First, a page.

Meteors from the constellation Draco are expected to light up the night sky tonight as meteor shower season kicks into gear.

The Draconids are typically a quiet celestial event, according to the International Meteor Organization. But they have been known to produce “huge meteor storms” in the past. This year was initially forecast to be unexceptional, but recent models suggest a “small outburst” or “enhancement” of the event could occur Tuesday.

“Whatever happens, it will be of high interest to have a close monitoring of Draconid meteor shower,” wrote IMO meteor observer Karl Antier earlier this month.

In 1933 and 1946, the Draconid meteor showers had some of the most impressive “zenithal hourly rates” of the 20th century with thousands visible every hour. Increased activity has occurred on several other occasions, including as recently as 2011 and 2012, but the moon has often interfered with visibility. Last year, observers in Europe reported seeing nearly 150 meteors an hour, according to the IMO.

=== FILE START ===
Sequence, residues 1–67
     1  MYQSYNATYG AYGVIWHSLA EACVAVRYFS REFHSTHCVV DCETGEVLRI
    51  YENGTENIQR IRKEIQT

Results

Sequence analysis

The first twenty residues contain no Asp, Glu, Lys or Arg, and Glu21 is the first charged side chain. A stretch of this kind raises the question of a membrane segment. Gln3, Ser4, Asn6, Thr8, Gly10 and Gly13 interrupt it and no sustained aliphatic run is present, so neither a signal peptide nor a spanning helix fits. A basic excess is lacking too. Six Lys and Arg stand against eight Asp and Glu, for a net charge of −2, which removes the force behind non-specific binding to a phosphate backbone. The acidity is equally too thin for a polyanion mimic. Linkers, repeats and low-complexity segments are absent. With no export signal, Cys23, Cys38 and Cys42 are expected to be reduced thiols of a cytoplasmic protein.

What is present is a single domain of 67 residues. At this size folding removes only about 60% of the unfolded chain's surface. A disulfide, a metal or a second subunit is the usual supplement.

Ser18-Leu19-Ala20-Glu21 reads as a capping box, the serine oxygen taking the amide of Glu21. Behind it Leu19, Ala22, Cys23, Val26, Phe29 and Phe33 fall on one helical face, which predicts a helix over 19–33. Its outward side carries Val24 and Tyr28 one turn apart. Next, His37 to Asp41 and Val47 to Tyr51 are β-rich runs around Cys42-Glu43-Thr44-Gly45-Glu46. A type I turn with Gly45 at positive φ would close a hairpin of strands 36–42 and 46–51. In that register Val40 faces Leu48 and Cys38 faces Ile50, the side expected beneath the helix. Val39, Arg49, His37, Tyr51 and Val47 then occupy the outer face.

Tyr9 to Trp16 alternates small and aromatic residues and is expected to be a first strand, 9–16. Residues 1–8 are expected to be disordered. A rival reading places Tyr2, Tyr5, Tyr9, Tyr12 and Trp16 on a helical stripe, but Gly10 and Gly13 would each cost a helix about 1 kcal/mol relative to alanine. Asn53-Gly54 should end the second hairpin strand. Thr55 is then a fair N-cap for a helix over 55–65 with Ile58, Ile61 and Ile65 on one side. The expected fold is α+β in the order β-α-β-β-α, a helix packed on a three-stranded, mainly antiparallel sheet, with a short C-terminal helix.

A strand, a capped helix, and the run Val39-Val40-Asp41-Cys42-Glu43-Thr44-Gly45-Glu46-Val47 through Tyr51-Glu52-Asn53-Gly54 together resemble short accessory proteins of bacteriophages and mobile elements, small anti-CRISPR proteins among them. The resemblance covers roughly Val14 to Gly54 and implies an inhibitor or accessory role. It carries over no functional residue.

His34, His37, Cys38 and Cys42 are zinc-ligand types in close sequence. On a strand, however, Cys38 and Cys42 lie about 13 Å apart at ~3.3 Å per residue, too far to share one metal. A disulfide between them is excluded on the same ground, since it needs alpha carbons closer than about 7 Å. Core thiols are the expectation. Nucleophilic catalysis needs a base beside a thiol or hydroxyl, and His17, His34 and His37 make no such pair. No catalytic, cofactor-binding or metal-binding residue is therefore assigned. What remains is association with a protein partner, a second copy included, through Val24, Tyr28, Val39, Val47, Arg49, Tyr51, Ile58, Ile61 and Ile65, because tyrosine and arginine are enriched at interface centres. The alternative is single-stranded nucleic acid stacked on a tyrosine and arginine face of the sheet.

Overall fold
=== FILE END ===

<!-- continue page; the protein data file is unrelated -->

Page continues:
Perhaps the greatest opportunity to spot a meteor shower will come later this month with the Orionids, which are well-known for their association with Halley’s Comet. Acccuweather forecaster and journalist Brian Lada said to break out the lounge chairs and stargaze the night of Oct. 21.

“It’s something to behold,” he said on the AccuWeather podcast Everything Under the Sun. While the Orionids are expected to produce around 20 meteors per hour, there are still strategies for optimizing the viewing experience.

Lay down on the ground or in a recliner to get as much of the sky as possible in your view, said Lada. Don’t look at any other light sources for at least 30 minutes beforehand, to help your eyes adjust -- it could take about 15 to 20 minutes for that to happen. Get out of the city, since the more light pollution the more obstructed the view. Enjoy the Orionids earlier in the evening, he added, since the moon rising at midnight will interfere with visibility too.

Otherwise, meteor shower watching is simple: just look up.

“No matter what meteor shower it is, they’re always visible anywhere in the night sky,” he said.